Six ideas to attract and retain your best manufacturing employees

As the manufacturing industry continues to evolve, it is critical for modern manufacturers to retain longtime experienced employees, as well as remain attractive for the new generation of workers entering the job market. Below, we outline six strategies we believe will prepare your organization to be the most attractive manufacturer for employees to grow in as they chart their career path. 

1. Open a dialogue

The first step toward improving employee loyalty and decreasing turnover is to open a line of communication between management and employees. This gives employees a direct outlet to voice their real concerns and ask for what they really want. While it seems logical that employees would want new healthy cafeteria options, having a more diverse set of healthcare options might be more important to your workforce. By connecting with them on a person-to-person basis, you can gain insight into what worries and what motivates your employees, and adapt your business practices to best accommodate those needs.

2. Respond to “asks”

The necessary follow-up to an open dialogue is swift action. Employees want to feel heard, and that their requests are valid. By accepting requests, prioritizing your company’s capabilities to execute, and following through on the feasible asks, you will build a reputation as an engaged and responsive organization. This sends a message that you are willing to adapt as your workforce adapts.

3. Connect with educational organizations

By taking part in the education process, your organization can equip young workers with real expectations, a level of trust and comfort with your brand, and skills that will be relevant to the types of jobs they could fill at your company. Whether you partner to create internship programs, collaborate on a specific syllabus, or simply find ways to present the nature of your business to current students, you will become a memorable potential future place to work.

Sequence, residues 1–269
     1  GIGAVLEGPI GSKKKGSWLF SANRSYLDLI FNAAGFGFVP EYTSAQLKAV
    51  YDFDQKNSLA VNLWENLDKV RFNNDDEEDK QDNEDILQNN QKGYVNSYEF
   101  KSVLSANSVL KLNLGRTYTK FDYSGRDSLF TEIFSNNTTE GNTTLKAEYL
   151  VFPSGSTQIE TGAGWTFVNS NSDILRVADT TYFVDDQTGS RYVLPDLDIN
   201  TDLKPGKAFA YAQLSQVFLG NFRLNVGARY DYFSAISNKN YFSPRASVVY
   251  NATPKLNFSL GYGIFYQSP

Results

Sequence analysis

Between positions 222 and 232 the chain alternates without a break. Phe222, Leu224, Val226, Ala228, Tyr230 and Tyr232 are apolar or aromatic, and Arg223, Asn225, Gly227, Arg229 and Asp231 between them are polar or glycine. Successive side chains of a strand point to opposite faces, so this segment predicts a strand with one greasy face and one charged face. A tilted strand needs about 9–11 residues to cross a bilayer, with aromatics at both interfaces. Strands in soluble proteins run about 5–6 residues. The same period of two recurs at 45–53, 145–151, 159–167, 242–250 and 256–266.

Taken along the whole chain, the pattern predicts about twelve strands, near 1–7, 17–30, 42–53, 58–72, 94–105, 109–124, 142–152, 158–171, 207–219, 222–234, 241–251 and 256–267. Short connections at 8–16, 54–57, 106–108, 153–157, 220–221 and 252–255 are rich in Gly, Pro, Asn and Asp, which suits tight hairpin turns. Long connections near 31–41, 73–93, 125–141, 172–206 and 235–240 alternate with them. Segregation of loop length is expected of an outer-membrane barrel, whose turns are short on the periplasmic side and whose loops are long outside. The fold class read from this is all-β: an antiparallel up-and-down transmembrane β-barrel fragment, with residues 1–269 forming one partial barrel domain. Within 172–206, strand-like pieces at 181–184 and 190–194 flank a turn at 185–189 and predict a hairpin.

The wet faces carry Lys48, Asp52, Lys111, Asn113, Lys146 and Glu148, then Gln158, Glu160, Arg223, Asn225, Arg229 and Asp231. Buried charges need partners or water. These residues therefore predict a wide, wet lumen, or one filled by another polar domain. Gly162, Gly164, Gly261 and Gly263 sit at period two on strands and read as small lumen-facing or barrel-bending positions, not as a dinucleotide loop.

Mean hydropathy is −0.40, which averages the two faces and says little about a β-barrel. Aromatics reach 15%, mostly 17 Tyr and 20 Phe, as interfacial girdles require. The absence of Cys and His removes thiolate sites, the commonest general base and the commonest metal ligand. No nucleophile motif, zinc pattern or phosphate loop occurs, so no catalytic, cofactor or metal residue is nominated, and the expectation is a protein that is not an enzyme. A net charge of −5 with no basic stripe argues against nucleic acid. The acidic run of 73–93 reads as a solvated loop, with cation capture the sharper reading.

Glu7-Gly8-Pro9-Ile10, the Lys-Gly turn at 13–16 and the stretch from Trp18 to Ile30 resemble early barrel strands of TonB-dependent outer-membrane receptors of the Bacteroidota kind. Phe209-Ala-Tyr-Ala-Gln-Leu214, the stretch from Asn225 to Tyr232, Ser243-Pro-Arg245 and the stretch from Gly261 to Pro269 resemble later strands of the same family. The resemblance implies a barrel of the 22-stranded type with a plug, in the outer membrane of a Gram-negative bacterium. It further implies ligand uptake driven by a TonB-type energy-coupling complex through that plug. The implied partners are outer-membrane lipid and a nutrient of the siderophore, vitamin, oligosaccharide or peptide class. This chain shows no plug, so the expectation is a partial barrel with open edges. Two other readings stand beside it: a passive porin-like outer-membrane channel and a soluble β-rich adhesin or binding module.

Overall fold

4. Invest in your community

While attracting young and qualified workers is a challenge in all Minnesota manufacturing markets, rural Minnesota has a more difficult time retaining good workers than the metro areas. This has shifted the game plan of more rural-based employers to develop an “attract, play and stay” mentality. This involves looking at the community as a whole as a place to attract workers. For example, is there enough housing in town to meet your staffing needs, or are there adequate services to support families, such as daycare?

5. Have an open mind

As the average age of a manufacturing worker increases, the industry is preparing for a shift in the employee population that will likely result in an employment gap for a period of time. To be proactive about this coming gap in workers, it is critical for companies to remain open and nimble. As employees approach the retirement age, inquire about their plans after retirement. Would they be willing to stay on part-time? What responsibilities could be managed by interns? Is part-time work available for new moms or new dads? Opening up your view of the typical worker can help you problem-solve, and ultimately, remain ahead of the curve as the industry attempts to keep up with demographic changes.

6. Create an appealing work environment

Is your lighting and air quality conducive to a positive work atmosphere? Are there noisy operations that should be isolated? Do you have adequate parking and is it convenient for your workers? Do you have a nice gathering area for employees? In short, does your facility help or hinder your recruitment/retention efforts? Taking a dispassionate look at your building and processes may be an eye-opener.
DOWNLOAD >> 16 Questions: How does your facility stack up?

Through having an open mind and a willingness to adapt, your company can become known as a supporter of workers’ wants and needs, and a partner in their life journeys. This will equip you with a diverse and complete workforce that will help you remain competitive in the marketplace.

Contact Architect Reed Becker to discuss facility upgrades that could work for you.